Using Adult Learning Principles in Time Management Training

As a coach, consultant, trainer or professional organizer in time management, it’s useful to return to adult learning principles now and then, if only as a refresher.

Some time ago, I wrote a post over at the 2Time Labs website in which I laid out a Pedagogy for Time Management. (A pedagogy is a teaching method.)

I’m in the process of developing an assessment that can be used to assess your consulting, teaching, coaching or organizing skills as they are applied to your work with clients. In doing so, I have been revisiting the principles of adult learning because I believe that they apply quite well to the work we do.

Here’s a great website that I found describing these principles and the precise behaviors used to support the top principles:

Take a look and ask yourself how you can use these principles to increase your effectiveness and impact. If you’re in a hurry, here they are, as described by Malcolm Knowles.

  • Adults are internally motivated and self-directed
  • Adults bring life experiences and knowledge to learning experiences
  • Adults are goal oriented
  • Adults are relevancy oriented
  • Adults are practical
  • Adult learners like to be respected

As you dig into each of these principles you’ll see how easy it is to step over them while working with clients. Some would argue, for example, that there is no need to understand what the client or trainee is doing today, and that they always need to start over from scratch.

According to Knowles, that would be a big mistake.

P.S. Click here to watch the related video: Time Management Consultants – Why Tips, Tricks and Shortcuts No Longer Work.

Why Should a Time Management Coach Use Baby Steps?

It’s no accident that I’m leading a Post-Conference Workshop at the ICD conference in Chicago called “Baby Steps – Radically Reducing Your Clients’ Time Clutter.” The name comes from an overt attempt on our part here at 2Time Labs to bring modern thinking that’s backed by research to the way time management is taught or coached.

Most time management teaching follows the “tell them and leave them” approach. Learning the content is deemed to be the most important activity, and the materials are presented in a way that dumps a lot of new ideas on the learner or coachee.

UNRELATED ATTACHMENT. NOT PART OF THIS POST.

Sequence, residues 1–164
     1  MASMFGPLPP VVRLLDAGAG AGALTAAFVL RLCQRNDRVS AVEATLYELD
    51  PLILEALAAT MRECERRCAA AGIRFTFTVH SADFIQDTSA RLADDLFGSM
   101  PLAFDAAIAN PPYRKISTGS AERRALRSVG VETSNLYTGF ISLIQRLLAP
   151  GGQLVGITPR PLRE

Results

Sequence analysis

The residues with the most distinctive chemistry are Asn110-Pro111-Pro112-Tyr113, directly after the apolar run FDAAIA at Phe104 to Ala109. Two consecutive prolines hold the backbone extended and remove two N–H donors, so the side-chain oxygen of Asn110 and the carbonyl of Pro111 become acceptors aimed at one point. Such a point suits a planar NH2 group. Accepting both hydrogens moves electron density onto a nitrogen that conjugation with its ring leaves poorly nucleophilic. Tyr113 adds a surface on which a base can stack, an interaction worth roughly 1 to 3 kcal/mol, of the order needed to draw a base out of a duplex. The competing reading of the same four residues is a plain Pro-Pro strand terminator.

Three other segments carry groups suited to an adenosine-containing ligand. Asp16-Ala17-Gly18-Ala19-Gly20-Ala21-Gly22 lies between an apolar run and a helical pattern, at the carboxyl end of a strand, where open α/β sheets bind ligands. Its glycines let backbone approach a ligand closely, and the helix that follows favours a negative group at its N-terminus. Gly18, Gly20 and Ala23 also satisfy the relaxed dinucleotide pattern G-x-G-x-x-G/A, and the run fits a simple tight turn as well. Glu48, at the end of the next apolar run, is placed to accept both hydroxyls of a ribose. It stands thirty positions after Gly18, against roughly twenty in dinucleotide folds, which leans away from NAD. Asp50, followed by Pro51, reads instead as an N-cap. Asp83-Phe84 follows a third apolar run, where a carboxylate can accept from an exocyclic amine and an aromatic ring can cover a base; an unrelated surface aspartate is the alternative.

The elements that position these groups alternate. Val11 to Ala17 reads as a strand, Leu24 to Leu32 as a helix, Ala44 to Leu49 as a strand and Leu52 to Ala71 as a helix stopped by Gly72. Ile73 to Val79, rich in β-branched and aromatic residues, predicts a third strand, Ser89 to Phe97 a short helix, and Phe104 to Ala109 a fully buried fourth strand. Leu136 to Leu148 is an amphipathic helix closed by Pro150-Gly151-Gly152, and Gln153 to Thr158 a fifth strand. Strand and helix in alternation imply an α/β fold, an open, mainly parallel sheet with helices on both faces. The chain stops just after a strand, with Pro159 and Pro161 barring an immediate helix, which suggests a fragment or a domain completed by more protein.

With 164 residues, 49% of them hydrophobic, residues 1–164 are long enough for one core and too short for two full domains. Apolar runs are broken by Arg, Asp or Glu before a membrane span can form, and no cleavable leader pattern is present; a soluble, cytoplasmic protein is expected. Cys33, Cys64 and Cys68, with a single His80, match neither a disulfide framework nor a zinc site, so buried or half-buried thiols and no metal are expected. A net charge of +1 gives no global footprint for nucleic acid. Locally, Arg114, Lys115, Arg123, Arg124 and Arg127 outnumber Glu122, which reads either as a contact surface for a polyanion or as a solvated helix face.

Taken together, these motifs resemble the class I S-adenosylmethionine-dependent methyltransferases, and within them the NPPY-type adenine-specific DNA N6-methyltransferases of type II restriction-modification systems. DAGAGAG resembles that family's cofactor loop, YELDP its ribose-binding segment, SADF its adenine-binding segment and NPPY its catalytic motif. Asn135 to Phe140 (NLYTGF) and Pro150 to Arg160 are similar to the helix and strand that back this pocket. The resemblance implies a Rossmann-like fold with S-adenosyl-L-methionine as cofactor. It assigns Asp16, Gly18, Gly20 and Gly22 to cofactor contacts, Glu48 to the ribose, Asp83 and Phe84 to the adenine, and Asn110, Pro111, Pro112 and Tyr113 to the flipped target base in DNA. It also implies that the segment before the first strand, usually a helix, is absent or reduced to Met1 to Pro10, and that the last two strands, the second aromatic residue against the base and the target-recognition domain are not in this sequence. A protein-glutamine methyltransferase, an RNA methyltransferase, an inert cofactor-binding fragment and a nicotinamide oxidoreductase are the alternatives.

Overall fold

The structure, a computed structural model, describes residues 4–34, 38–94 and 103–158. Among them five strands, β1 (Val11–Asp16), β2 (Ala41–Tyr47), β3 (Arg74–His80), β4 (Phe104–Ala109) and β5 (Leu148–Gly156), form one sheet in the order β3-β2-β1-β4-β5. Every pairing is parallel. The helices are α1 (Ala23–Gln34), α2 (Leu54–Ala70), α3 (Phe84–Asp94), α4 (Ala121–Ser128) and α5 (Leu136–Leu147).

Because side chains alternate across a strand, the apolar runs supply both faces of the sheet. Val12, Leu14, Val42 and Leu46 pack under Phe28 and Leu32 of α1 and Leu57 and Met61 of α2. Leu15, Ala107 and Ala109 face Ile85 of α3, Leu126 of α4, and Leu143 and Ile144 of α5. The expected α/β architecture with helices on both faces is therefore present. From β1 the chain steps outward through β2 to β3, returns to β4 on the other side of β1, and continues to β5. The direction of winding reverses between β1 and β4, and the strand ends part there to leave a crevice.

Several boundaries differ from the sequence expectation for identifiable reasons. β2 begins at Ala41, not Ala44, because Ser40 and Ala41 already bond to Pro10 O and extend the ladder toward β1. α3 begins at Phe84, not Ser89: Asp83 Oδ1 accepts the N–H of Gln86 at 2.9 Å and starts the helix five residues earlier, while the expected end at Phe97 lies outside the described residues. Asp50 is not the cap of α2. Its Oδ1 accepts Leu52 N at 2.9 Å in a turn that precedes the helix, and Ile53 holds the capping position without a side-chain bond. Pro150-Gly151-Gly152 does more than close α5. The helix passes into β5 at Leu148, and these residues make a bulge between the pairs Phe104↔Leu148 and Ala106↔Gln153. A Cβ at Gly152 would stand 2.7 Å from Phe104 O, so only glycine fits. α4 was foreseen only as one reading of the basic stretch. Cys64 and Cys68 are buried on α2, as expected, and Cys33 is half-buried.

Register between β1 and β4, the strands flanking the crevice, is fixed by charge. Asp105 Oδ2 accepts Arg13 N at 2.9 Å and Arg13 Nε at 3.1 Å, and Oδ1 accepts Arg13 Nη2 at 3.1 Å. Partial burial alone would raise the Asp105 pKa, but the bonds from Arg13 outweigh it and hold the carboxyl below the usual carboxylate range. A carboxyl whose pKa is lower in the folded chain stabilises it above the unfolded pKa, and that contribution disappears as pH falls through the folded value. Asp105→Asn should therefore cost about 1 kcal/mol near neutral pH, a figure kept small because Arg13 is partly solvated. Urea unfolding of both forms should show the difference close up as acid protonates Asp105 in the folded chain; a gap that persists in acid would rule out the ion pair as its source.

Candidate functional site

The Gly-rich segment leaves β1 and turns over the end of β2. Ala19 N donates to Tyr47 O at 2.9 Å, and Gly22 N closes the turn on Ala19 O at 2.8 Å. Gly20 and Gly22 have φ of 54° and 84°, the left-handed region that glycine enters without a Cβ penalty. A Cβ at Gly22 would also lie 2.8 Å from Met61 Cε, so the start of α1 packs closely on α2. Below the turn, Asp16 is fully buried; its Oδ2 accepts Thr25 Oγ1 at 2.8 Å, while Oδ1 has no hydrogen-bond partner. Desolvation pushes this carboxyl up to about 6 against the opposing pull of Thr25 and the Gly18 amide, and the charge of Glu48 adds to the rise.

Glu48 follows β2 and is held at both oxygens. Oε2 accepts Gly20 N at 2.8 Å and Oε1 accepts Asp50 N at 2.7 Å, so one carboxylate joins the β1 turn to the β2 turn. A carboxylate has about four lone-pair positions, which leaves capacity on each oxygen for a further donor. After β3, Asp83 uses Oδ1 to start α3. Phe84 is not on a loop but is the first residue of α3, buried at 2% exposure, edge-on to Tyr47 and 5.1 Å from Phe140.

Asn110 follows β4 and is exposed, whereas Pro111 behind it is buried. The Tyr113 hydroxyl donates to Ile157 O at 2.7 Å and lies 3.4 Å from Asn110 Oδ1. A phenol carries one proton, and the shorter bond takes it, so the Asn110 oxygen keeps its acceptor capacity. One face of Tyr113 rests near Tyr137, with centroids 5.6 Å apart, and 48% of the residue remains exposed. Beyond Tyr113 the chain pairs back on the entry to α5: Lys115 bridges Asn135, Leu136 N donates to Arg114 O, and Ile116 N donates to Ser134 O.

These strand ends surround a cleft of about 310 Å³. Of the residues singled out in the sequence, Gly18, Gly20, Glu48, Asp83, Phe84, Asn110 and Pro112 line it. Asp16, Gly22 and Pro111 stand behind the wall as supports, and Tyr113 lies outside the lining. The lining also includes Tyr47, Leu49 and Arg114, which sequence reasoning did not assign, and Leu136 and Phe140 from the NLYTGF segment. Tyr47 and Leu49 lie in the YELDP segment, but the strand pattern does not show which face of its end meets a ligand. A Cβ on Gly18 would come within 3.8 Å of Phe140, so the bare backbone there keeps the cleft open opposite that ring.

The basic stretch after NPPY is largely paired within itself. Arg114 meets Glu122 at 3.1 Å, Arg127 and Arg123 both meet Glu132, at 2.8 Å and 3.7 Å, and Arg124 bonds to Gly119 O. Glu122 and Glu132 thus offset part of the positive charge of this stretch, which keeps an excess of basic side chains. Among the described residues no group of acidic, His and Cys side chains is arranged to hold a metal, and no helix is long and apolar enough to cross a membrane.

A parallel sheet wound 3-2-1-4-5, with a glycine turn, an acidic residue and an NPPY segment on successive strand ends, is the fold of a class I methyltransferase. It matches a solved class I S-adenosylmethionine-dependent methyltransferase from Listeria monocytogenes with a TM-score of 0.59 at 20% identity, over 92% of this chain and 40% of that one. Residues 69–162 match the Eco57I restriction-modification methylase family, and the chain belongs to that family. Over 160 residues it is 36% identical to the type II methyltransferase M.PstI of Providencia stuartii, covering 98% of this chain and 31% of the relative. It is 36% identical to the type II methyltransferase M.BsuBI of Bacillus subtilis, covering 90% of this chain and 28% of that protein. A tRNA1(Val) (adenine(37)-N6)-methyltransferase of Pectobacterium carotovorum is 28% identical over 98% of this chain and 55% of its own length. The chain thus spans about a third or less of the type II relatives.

The results are typically poor, according to research by by Therese Macan. For the most part, people end up doing whatever they were doing before the course began.

Before the work of Albert Bandura, managers and coaches would focus on building in elaborate systems of carrots and sticks in order to get the trainee to exhibit the right behavior. Bandura showed that much more is happening in the typical learning environment than simple external stimuli, and that one way to help the learner to change is to

  1. break down the change into small steps
  2. help them grow confidence in mastering increasingly more tasks
  3. showing them models that are successful

In other words, use baby steps.

The problem with the popular approaches to teaching time management is that the materials are presented in massive chunks. This leads the trainee to think that they are a failure when, a month later, they realize that they have implemented little or nothing new.

The solution that we have taken based on our experience of seeing a lot of failures is that a coach/consultant / trainer / professional organizer should help build what Bandura calls “self-efficacy” (a sense of confidence in your ability) in two ways:

  1. teaching clients how to re-design their time management systems starting from their current set-up in a way that uses baby steps; alternating new learning with immediate design activity to build the trainee’s sense of mastery
  2. helping clients to make plans for implementation that are based on small steps to be taken over time, and offering supportive mechanisms so that they can see role models in action, and get help when confidence dips